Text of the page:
The quest for the rate-limiting step When a process is conditioned as to its rapidity by a number of separate factors the rate of the process is limited by the pace of the slowest factor. This statement is wrong if taken literally. In a linear metabolic pathway all reactions operate at the same rate in the steady state. What was really meant was that the rate of a pathway could be altered only by changing the activity of one particular enzyme. Despite the fact that experimental data has often contradicted this concept, much of the work on the control of metabolism has been centred around the search for potential regulatory enzymes. Regulatory enzymes were expected to: - be found at the beginning of a pathway - be non-equilibrium enzymes - show changes in activity caused not just by their own substrates - directly affect the metabolic flux
Problems with rate-limiting step approaches The rate of a sequence of simple chemical reactions could depend to varying degrees on the rate constants of all the reactions. (1930s) The rate of a sequence of unsaturated enzymes depends non-linearly on the kinetic parameters of all the enzymes. (Waley, 1964) The increase in amount of rate-limiting enzymes using gene cloning techniques did not always result in an increase of the rate of the pathway. (glycolysis experiment, 1986) Replacing the question: Is this enzyme rate-limiting? with How does this enzymes activity affect the metabolic flux? Use of sensitivity analysis (introduced into metabolic biochemistry by Higgins, 1960s). Biochemical Systems Theory, developed based on sensitivity analysis (Savageau, 1969). Metabolic Control Analysis (Theory) (Kacser and Burns, Heinrich and Rapoport, 1970s).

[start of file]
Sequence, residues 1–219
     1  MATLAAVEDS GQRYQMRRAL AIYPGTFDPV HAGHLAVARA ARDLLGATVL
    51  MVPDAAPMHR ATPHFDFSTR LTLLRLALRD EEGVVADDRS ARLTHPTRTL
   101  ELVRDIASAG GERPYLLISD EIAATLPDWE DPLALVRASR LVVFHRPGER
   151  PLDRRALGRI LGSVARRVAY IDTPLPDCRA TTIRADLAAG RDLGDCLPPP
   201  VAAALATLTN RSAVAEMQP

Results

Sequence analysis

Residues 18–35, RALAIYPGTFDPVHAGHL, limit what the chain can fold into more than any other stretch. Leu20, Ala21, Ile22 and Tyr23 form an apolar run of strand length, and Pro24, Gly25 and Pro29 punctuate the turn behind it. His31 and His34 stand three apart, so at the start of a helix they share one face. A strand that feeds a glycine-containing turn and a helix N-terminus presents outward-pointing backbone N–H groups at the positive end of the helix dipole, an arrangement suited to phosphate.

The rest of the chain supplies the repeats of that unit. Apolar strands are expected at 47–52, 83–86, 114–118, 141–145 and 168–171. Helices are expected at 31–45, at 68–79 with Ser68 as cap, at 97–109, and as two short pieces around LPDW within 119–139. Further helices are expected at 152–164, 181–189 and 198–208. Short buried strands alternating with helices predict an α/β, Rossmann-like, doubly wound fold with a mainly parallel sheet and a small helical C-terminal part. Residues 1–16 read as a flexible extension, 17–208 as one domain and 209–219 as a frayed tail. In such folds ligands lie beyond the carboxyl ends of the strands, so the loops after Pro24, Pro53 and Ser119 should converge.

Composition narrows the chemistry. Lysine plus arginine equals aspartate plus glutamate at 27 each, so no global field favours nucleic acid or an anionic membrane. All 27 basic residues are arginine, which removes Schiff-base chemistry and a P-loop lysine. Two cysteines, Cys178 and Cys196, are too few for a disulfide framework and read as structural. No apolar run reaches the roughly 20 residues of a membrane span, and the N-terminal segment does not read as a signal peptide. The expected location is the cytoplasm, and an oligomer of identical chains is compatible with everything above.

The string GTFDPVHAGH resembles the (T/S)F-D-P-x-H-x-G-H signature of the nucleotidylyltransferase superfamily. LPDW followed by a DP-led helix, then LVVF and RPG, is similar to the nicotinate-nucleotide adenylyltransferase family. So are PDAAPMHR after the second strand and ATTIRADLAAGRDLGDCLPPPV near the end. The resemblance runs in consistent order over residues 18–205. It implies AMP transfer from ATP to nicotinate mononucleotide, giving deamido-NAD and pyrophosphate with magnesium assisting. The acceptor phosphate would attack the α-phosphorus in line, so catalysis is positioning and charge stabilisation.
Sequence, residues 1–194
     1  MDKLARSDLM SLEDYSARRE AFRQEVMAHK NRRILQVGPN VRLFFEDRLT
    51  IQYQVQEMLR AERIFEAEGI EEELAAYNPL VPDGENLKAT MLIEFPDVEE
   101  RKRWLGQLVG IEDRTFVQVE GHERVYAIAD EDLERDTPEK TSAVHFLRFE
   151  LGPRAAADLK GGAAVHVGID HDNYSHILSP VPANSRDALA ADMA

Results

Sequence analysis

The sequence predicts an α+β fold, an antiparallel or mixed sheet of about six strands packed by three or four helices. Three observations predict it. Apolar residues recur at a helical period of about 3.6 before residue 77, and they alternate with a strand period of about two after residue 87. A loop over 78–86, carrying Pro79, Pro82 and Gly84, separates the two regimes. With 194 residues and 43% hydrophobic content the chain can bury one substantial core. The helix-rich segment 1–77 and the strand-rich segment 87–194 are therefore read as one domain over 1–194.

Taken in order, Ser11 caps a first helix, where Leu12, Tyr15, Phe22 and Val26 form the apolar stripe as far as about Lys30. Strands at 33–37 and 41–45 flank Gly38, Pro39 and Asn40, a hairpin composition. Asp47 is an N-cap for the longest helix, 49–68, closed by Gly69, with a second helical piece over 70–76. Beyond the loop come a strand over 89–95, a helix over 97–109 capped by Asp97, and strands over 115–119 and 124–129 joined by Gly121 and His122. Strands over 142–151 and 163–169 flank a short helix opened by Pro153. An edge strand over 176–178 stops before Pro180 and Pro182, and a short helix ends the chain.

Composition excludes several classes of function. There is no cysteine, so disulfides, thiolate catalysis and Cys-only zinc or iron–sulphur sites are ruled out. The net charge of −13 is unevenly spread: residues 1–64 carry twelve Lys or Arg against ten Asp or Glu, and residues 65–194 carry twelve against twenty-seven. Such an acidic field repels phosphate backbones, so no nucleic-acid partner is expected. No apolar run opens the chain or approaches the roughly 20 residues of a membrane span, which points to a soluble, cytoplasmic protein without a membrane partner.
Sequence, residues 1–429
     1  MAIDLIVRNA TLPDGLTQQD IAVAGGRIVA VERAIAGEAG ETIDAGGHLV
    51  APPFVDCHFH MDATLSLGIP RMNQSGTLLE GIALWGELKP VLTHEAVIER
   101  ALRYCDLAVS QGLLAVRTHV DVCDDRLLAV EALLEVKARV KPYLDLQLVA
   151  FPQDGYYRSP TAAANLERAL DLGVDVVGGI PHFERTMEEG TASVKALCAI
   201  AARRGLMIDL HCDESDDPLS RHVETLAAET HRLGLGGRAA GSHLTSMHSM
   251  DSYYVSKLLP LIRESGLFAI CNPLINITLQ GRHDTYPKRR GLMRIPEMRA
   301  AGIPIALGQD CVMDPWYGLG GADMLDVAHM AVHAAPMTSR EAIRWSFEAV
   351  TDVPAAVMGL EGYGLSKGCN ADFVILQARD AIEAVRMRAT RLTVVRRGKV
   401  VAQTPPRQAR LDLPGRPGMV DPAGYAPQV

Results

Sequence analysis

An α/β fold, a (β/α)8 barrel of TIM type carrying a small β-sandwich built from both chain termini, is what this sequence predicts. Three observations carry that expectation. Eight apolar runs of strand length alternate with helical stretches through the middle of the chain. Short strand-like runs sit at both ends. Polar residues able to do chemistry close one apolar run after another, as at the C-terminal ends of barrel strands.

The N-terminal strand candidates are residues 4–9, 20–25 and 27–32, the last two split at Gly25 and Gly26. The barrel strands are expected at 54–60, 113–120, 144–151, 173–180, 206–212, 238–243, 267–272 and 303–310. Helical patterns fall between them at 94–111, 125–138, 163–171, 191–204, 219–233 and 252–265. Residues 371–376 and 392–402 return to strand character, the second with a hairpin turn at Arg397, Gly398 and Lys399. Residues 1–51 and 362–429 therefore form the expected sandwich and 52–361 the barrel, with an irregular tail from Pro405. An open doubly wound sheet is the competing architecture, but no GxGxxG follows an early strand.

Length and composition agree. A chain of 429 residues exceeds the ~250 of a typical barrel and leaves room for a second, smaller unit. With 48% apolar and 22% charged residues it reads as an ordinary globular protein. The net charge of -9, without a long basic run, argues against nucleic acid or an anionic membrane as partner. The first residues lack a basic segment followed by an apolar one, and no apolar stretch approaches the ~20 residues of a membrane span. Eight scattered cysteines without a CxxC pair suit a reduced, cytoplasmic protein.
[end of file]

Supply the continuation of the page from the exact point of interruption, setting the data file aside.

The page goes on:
Metabolic Control Analysis - Basics X source E1E1 J1J1 S1S1... Y EnEn JnJn SnSn Z product ln([E 1 ]) ln(J n ) Flux control coefficient C E1 Jn = lnJ n / ln[E 1 ] For small enzyme concentration changes, the flux control coefficient can be used to calculate the flux using a power law: J = a [E] C Kacser and Burns found that the coefficients for all enzymes that affect a particular metabolic flux in a cell, must add up to 1: Summation theorem
Metabolic Control Analysis - Basics (2) ln([S]) ln(rate v) Elasticities measure the influence of metabolites on enzymes, and are thus related to the kinetic properties of the enzymes. Elasticities are properties of individual enzymes and not of the metabolic system. Elasticities can also be defined with respect to external effectors (=> response coefficients). Elasticity ln|v| / ln[S] Connectivity theorem The sum of the products of flux control coefficients with elasticities for all enzymes in the system is zero:
Metabolic Control Analysis - Problems Chief intellectual achievements of MCA (Kell and Mendes, 1999): Each step in a linear pathway at steady state contributes quantitatively to the control of flux in a manner expressed by the summation theorem. The flux-control coefficients are consequently necessarily small The activities of many steps must be changed simultaneously if fluxes are to be enhanced substantially. Implicit and explicit assumptions in MCA: All cells are the sameHeterogeneity is greater than normally assumed. Simple models are adequateMany more genes than we know the functions of contribute to fitness in a cell. The universal methodIt doesnt work if a) the end-product inhibits its proposed for large changesown synthesis and b) if there are interactions in parameters is adequate involving moiety-conserved cycles. for any metabolic system. Coefficients of MCA for very large changes are similar to those for small changes